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Old 12-28-2017, 06:37 PM   #1
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Question Canadian Customs Requirements Relaxed

I saw this in the January 2018 Sea Magazine:

Customs requirements Relaxed
The Canadian government has relaxed the rules for US boaters crossing the Canadian border by water. 233), which received Royal Assent in June, changes the requirement for when boaters have to report to Canadian Border Services Agency (CBSA) officers. Instead of calling Canadian Customs to report in as soon as they arrive in Canadian waters, US boaters need only report to customs when they anchor or arrive on Canadian shores. A day outing that involves no anchoring or “contact with a conveyance” can be conducted without a customs check -in. Canadian boaters still have to report to US Customs, as there is no reciprocity yet.

But I looked it up on the Canadian Customs web site, the above does not seem to match. Above would lead me to believe that so long as you don't anchor or go ashore you do NOT have to report into CBSA. But when you read below from the CBSA site (I have highlighted it) it would appear you still have to CALL in, you just don't have to report to a telephone call in site.

https://www.cbsa-asfc.gc.ca/agency-a...isable=true#a2
1.2. Program Description and Objectives

Private Boat Processing
All travellers arriving in Canadian waters by private vessel must self-report to the CBSA. The owner/operator of the vessel is required to proceed to one of 428 Telephone Reporting Sites/Marine (TRS/M)Footnote 5 and contact the Telephone Reporting Centre (TRC)Footnote 6 to report their entry into Canada. Only private boats carrying 29 people or less can report through the TRC.Footnote 7 Alternatively, private boaters may report in-person at one of ten Direct Reporting Sites (Marine), which are CBSA-staffed marine ports of entry (POEs).
If certain conditions are met, private boaters may also be able to report directly from the water to the TRC. For instance, travellers arriving from the United States by private boat may report directly from the water upon entering Canadian waters if they do not intend to land on Canadian soil nor leave any people or goods in Canada. Canadian private boaters may also report directly from the water when returning to Canadian waters if they have not landed on U.S. soil and have not taken on any people or goods while in foreign waters.
Regardless of the method used to self-report, the owner/operator of the boat is required to provide all crew and passengers’ names, dates of birth, citizenship and residency, and declare all goods being imported to Canada. The TRC officer records the information in the Telephone Reporting Centre System (TRCS) and then makes a decision whether to release the vessels and all travellers or refer for a secondary examination.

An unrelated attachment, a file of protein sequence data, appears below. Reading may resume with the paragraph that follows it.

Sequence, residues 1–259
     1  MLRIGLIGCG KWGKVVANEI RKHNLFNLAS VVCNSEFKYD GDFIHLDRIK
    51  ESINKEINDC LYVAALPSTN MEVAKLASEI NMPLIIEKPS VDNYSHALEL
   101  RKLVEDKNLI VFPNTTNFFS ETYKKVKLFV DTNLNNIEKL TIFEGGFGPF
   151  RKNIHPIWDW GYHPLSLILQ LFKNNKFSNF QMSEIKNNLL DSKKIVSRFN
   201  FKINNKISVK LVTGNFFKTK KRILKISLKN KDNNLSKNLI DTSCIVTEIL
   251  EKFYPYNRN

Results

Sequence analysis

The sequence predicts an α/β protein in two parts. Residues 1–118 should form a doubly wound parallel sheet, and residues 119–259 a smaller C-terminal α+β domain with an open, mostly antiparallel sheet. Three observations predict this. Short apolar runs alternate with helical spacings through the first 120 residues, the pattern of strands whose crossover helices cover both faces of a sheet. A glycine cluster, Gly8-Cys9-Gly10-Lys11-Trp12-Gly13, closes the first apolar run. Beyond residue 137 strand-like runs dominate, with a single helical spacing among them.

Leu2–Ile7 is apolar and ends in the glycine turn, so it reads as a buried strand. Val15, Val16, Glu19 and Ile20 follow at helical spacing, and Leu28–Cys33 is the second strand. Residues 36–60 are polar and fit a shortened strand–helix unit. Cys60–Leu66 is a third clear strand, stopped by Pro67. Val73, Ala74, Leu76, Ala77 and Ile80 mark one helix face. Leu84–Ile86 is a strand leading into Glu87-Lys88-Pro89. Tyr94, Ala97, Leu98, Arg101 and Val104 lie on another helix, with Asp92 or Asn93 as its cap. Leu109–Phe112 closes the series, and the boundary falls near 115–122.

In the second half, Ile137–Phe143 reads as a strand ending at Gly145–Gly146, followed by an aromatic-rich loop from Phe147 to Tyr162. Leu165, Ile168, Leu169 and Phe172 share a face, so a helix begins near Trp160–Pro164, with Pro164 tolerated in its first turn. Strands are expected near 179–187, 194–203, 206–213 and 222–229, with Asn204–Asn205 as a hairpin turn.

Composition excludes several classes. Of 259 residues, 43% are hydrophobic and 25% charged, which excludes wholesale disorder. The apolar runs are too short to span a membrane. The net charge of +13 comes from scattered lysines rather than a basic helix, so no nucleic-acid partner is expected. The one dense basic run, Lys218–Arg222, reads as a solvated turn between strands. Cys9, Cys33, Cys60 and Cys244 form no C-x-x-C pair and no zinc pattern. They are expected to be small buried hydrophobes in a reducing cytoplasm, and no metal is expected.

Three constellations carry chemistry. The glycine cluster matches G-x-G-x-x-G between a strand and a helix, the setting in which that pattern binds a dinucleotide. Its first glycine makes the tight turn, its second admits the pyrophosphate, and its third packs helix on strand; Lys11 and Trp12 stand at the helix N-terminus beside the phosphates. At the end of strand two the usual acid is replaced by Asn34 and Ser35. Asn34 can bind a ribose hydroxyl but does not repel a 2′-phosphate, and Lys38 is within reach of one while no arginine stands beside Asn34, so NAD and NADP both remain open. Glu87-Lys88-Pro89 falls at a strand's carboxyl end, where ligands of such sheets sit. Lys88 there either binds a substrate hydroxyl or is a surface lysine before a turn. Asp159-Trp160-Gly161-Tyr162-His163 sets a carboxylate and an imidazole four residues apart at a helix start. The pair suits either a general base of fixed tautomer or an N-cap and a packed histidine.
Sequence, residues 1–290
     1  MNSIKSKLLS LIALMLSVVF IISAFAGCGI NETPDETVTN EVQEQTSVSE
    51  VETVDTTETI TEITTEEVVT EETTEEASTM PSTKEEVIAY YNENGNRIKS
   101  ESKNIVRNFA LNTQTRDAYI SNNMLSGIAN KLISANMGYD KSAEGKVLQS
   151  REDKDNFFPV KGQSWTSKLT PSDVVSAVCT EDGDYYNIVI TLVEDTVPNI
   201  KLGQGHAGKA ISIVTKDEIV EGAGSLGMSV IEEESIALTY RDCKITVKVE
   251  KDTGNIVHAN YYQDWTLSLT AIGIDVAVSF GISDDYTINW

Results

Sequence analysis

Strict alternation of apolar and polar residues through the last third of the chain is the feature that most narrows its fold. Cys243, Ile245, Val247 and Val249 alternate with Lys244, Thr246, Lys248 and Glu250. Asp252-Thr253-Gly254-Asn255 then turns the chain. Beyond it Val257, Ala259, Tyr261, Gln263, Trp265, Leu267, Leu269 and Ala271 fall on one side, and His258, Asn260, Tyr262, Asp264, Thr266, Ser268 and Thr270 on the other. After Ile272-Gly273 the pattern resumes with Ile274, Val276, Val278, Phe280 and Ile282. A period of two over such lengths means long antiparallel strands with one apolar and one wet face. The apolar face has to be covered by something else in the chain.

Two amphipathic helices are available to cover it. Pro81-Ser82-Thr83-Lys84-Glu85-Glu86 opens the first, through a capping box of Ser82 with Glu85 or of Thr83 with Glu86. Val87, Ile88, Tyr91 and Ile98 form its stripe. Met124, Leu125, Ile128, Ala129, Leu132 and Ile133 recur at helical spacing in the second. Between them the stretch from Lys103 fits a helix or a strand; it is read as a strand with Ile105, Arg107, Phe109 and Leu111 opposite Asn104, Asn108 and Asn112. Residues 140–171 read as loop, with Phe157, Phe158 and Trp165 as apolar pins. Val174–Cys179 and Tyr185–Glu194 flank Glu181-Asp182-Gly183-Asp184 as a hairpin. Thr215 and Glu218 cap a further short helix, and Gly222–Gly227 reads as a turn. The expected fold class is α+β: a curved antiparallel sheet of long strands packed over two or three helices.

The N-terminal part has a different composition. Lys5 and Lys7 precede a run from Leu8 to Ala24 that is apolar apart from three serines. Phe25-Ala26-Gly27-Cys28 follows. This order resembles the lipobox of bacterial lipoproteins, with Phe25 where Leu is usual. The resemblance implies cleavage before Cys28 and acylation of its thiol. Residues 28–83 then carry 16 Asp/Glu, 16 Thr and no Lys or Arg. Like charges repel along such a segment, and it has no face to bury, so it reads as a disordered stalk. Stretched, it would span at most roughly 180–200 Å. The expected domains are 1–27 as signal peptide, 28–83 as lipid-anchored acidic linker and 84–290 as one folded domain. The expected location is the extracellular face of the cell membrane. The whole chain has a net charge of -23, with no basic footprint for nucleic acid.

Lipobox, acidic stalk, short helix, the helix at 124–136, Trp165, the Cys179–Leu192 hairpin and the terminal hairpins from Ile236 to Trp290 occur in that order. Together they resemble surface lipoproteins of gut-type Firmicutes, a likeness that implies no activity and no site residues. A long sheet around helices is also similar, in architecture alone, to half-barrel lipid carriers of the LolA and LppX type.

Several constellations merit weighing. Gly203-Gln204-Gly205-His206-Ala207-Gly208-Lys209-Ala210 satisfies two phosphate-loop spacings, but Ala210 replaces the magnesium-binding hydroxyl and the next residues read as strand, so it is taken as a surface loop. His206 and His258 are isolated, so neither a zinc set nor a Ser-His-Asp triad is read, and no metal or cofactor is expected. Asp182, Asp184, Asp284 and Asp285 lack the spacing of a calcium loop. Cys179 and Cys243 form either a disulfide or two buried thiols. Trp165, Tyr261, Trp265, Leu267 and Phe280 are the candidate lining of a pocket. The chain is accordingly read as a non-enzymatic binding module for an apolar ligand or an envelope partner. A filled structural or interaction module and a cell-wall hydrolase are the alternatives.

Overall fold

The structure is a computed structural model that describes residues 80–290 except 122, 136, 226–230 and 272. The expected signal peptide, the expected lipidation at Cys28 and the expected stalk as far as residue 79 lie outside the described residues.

Boaters enrolled in Trusted Traveller programs (e.g. NEXUS) have access to 22 additional designated reporting sites and advance notification privileges not available to other private boaters.
Once a private boater has been referred for secondary examination, a marine verification team may be tasked from the responsible POE to the TRS/M where the private boat is docked to conduct their examination of the passengers and/or vessel, as required
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Old 12-28-2017, 06:44 PM   #2
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I dream of a day where cruising in the middle of a river between north and south would not require anything more than saying hello to each other. In the 1000 islands are people so different each side of the border?
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Old 12-28-2017, 06:47 PM   #3
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A few years ago, I was cruising on the Detroit River near Detroit. As long as you did not actually touch Canadian soil you could enter Canadian waters without issue. The border is basically the middle of the river. However, if you did cruise very close to the Canadian bank, you could expect to be closely watched by Canadian customs (though they would leave you alone if you didn't do anything they didn't want you to).

I got into more trouble there from US authorities. It took a couple of turns around this one park trying to find the road to the boat ramp (the park road was one way). After going around a couple of times, I got stopped and asked about what I was up to. Apparently failing to find a poorly marked road to the boat ramp was suspicious.
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Old 12-28-2017, 06:54 PM   #4
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Yes, but is the Sea Magazine in error?
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Old 12-28-2017, 07:21 PM   #5
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Here is a link to the CBSA with the New Reporting Exemptions.

https://www.cbsa-asfc.gc.ca/travel-v...pb-pp-eng.html
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Old 12-28-2017, 07:34 PM   #6
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I am NEXUS so no changes for me.
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Old 12-28-2017, 08:10 PM   #7
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I don't get it. Fishing boats have been transiting from Washington to Alaska forever and as long as they don't dock or anchor nothing has been required by CBSA.
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Old 12-28-2017, 11:12 PM   #8